By Brett Mullins
Directed by Trey Stokes; Screenplay by Paul Bales
There are several types of films: some are legitimately great films; some are just okay; and some are just plain miserable. There are films that are so bad that they’re good, and there are films that try to be bad so they can be good. 2010: Moby Dick belongs to the latter category.
Though you have probably already guessed, this is an Asylum film and, with this branding, comes many hallmarks of this production company, such as poor acting, CG, and production quality around the board. If this film is considered for what it is, the audience will find a generic retelling, of sorts, of Herman Melville’s Moby Dick.
For those who have read the novel, it is interesting to see how they have modernized the characters. With that being said, the characters in this adaptation are rather terrible and boring. Even worse, however, is that they are inconsistent. This is not meant in the traditional ‘screenwriter mishap’ sense; it is to say that one of the character’s voices drastically changes from one scene to the next with no explanation. One can do a great amount of harping about how bad this film actually is, but, then again, that was the point of the film: to be bad.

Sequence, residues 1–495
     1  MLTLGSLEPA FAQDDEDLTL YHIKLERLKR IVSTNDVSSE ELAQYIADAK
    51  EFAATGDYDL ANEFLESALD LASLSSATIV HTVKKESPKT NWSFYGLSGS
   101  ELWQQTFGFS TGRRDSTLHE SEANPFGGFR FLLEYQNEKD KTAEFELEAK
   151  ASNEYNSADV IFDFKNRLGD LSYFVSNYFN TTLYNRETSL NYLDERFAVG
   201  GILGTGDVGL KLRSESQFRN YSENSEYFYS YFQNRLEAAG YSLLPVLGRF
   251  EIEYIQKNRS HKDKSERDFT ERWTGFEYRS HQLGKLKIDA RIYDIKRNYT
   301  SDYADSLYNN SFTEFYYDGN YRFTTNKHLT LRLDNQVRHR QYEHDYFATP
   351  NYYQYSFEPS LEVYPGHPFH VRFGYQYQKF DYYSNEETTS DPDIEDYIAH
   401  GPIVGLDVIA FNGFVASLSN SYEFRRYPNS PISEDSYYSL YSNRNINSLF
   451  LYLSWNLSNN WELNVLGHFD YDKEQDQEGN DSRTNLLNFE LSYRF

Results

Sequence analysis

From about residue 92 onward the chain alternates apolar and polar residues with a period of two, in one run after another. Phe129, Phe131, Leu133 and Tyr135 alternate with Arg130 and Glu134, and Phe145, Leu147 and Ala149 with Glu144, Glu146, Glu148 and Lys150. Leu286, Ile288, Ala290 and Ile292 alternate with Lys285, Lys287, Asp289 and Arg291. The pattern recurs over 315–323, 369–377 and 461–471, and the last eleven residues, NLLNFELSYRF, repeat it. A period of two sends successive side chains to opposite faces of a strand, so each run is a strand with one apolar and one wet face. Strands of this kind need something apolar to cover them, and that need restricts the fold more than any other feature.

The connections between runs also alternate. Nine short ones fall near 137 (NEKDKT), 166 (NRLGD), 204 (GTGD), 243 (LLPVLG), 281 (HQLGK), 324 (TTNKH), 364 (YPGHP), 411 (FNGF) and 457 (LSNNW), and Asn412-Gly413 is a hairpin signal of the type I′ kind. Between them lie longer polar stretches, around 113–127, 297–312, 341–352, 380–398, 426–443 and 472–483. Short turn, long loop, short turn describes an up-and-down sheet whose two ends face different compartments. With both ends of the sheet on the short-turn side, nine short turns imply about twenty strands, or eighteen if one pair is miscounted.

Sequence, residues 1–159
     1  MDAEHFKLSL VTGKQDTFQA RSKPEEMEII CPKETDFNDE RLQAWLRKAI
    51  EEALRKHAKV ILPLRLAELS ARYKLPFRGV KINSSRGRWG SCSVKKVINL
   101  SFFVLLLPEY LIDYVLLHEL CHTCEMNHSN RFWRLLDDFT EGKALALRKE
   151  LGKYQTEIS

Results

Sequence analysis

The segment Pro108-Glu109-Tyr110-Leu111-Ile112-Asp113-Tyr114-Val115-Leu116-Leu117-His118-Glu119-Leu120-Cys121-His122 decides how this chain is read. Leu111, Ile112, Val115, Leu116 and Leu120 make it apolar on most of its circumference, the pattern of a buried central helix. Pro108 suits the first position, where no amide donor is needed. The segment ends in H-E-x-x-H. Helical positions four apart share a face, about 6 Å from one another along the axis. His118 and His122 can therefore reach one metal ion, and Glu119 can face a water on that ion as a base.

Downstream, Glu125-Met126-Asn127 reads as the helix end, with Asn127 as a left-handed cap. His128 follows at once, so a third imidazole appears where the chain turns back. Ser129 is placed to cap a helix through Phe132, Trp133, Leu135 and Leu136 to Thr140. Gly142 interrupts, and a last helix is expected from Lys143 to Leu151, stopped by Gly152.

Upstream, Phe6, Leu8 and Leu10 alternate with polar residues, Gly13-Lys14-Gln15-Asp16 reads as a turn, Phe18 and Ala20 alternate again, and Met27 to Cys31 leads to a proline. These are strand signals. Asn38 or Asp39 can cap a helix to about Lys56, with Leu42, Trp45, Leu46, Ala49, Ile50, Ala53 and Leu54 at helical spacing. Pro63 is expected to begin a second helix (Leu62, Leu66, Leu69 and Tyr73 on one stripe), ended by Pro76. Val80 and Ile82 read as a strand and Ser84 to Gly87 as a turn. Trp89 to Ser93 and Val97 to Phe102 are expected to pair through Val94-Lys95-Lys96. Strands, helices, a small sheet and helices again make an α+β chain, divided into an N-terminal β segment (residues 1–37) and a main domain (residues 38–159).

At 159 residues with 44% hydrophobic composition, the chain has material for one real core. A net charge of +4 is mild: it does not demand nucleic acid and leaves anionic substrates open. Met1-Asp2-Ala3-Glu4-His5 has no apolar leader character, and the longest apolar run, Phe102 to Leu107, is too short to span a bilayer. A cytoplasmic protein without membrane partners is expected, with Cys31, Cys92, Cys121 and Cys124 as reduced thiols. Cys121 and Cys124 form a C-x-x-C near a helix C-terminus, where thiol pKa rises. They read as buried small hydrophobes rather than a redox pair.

Once the audience has succumb to the fact that they are watching a terrible film, they can enjoy some of the funny scenes; though, they are few and far between. The ending seemed especially enjoyable, because it was completely absurd , and it was clear the credits were about to roll.
After the film has run its course, 2010: Moby Dick is one of those films that will make the audience question why they even turned it on to begin with.